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|April 24, 2012|
Fatigue from early breast cancer treatment isn't long-lasting
A study in the Journal of Clinical Oncology suggests post-treatment fatigue generally fades for women with early-stage breast cancer. Researchers studied 218 women who underwent surgery, radiation, chemotherapy or a combination and found that nearly a third had cancer-related fatigue when treatment ended, and that dropped to 6% a year later. Chicago Tribune (tiered subscription model)/Reuters (4/20)
HPV causes 26,000 U.S. cancer cases annually, CDC says
About 26,000 cancer cases in the U.S. can be attributed directly to human papillomavirus annually, of which 18,000 occur in women and 8,000 in men, CDC researchers wrote in the Morbidity & Mortality Weekly Report. From 2004 to 2008, the total annual incidence of cancer cases associated with HPV was 33,369, researchers reported. PhysiciansBriefing.com/HealthDay News (4/19)
FDA: Batches of generic ultrasound gel are contaminated
The FDA issued a safety communication advising hospitals, clinics and health care providers to immediately stop using Pharmaceutical Innovations' Other-Sonic Generic Ultrasound Transmission Gel, lot numbers 060111, 090111 and 120111, due to a risk of bacterial infection. The lots were found to have been contaminated with Pseudomonas aeruginosa and Klebsiella oxytoca. PhysiciansBriefing.com/HealthDay News (4/18) MedPage Today (free registration) (4/18)
Fertility drugs more than double children's risk for leukemia
Children born to mothers treated with ovary-stimulating drugs had a 2.6 times higher risk of developing acute lymphoblastic leukemia and were 2.3 times more likely to develop acute myeloid leukemia, a French study showed. Researchers found no evidence of increased childhood leukemia risk with either in vitro fertilization or artificial insemination. The findings were presented at the Childhood Cancer conference. Google/The Press Association (U.K.) (4/24) The Guardian (London) (4/23)
Gynecologic surgery patients need better post-discharge pain control
Many women undergoing gynecologic surgery experience too much pain following hospital discharge, suggests a new study in Obstetrics & Gynecology. The findings are particularly important because today's shorter hospital stays leave much of patients' acute recovery to occur at home. The study researchers followed 127 women who underwent nonlaparoscopic abdominal or vaginal gynecologic surgery, using surveys to gauge pain levels and use of pain medication. Approximately 1 in 5 vaginal surgery patients experienced inadequate pain control -- defined as a score of 4 or more on the standard Surgical Pain Scale -- three to seven days following hospital discharge. Results for patients with abdominal surgery were more worrisome, with approximately 1 in 2 women reporting inadequate pain control at three days, 1 in 3 at seven days, and 1 in 4 at two weeks following discharge, despite the fact that a third used narcotic pain medications two weeks after discharge. Read the abstract. Blank (4/23)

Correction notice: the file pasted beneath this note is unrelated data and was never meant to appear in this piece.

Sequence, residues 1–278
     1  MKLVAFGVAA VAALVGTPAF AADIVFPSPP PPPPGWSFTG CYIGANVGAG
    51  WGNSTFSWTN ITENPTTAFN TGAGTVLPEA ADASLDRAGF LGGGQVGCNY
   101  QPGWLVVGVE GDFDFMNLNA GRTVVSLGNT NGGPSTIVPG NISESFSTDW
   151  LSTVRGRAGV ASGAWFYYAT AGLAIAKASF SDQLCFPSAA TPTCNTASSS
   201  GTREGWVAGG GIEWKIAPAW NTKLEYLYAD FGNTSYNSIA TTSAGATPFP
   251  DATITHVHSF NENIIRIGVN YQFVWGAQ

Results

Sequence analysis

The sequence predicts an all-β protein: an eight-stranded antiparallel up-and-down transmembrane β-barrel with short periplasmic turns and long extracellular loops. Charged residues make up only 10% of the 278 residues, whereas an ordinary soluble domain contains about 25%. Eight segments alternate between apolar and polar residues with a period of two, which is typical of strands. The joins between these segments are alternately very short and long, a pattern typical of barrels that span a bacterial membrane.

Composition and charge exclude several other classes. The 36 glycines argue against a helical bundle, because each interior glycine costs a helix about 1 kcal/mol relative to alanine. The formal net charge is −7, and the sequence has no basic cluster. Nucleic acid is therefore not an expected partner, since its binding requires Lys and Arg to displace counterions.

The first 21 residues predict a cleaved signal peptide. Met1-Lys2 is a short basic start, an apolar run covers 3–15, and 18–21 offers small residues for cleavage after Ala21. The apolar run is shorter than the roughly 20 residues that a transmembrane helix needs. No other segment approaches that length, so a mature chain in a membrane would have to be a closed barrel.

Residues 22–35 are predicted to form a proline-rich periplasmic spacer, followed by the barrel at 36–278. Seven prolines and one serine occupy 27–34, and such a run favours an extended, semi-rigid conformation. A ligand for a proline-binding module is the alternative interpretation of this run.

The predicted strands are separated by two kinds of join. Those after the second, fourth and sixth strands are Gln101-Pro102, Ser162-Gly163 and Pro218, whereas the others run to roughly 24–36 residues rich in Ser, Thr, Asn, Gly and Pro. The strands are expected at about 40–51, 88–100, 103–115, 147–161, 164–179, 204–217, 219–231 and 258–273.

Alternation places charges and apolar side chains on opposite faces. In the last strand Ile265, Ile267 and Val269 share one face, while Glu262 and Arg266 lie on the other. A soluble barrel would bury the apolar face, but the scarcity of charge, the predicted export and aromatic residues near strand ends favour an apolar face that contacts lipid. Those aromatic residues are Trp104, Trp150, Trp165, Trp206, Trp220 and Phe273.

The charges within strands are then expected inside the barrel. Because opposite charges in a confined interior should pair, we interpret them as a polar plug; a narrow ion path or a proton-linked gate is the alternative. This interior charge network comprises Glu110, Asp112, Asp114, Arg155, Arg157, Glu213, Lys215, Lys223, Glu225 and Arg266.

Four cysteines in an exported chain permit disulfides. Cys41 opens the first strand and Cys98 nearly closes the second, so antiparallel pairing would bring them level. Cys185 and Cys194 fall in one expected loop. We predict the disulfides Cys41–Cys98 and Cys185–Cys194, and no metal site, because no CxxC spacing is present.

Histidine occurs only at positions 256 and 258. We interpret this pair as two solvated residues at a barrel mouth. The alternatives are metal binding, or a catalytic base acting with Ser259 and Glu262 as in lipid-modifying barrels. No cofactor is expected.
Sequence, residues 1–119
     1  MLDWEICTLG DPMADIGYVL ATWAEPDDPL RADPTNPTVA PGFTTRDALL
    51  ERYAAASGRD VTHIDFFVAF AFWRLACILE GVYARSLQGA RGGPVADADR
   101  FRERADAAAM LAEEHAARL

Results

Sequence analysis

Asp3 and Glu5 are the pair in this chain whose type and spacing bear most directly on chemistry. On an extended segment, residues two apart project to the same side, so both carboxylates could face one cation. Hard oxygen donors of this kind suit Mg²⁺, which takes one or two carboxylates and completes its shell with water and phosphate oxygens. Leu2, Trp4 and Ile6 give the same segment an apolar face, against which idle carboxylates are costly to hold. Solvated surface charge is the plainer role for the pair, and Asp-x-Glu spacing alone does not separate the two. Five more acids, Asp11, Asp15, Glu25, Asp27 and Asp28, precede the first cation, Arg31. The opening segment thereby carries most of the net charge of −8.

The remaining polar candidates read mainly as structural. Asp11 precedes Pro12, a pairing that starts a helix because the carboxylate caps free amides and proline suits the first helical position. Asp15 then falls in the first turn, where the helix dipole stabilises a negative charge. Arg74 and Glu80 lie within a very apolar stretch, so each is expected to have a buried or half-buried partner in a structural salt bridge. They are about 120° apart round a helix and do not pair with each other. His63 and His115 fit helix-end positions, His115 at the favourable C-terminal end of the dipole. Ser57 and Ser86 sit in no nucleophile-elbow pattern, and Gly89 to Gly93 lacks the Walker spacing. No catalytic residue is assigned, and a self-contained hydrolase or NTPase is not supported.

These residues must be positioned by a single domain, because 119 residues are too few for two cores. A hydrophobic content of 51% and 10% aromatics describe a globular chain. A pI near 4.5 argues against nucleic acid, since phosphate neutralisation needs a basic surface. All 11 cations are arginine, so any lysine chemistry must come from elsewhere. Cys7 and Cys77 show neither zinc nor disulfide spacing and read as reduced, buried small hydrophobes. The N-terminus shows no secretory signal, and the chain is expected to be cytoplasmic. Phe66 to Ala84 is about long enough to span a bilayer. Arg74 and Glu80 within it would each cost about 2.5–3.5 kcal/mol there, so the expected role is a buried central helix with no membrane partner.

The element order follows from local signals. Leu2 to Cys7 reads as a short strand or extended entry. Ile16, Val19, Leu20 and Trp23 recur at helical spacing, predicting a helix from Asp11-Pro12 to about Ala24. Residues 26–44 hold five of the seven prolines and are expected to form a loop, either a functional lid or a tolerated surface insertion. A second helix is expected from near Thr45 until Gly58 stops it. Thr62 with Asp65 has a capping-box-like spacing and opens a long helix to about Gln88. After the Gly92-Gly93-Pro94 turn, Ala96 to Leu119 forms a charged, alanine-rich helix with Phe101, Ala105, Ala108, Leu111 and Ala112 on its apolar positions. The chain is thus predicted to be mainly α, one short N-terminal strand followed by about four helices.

At-risk premature babies may benefit from early feeding
University of Oxford researchers examined 400 at-risk premature babies and found that initiating feedings within the first 24 to 48 hours after birth would be beneficial to babies. They also found no statistically significant difference in the number of preemies who suffered severe bowel disorders including necrotizing enterocolitis between the early group and the control group. The findings appear in the journal Pediatrics. BBC (4/20)
Risk of birth defects is higher among IVF babies
The risk of birth abnormalities was 37% greater in babies conceived through in vitro fertilization than those conceived without assistance, a review of 26 studies found. Researchers failed to determine why fertility treatments are linked to an increased risk for defects, but experts said that fertility problems could influence the odds of developing abnormalities. The findings appear in the journal Fertility and Sterility. Reuters (4/19)
New! AWHONN's on-demand webinar library package
AWHONN's webinar library package gives hospital access to the entire webinar series for one full year! This allows hospitals to educate their staff and provide new skillsets needed to combat different issues that affect patient care. All webinars are accessible 24/7 on any computer and can be viewed in a group setting or individually. All staff members that view the webinar will earn CNE. Make the move to help your hospital secure the one-year subscription to educate the entire staff for one low price! Sign up here.
AWHONN Perinatal Orientation and Education Program saves time, money
AWHONN's Perinatal Orientation and Education Program (POEP) has everything necessary to provide nurses with the education that will elevate the safety and consistency of care in your unit. The program is comprised of 10 modules that address critical aspects of perinatal care for nurses needing orientation or those looking for a refresher. For approximately $100 per nurse, per year, you won't find a more cost-effective way to educate the team. Take an online tour and order your copy today.
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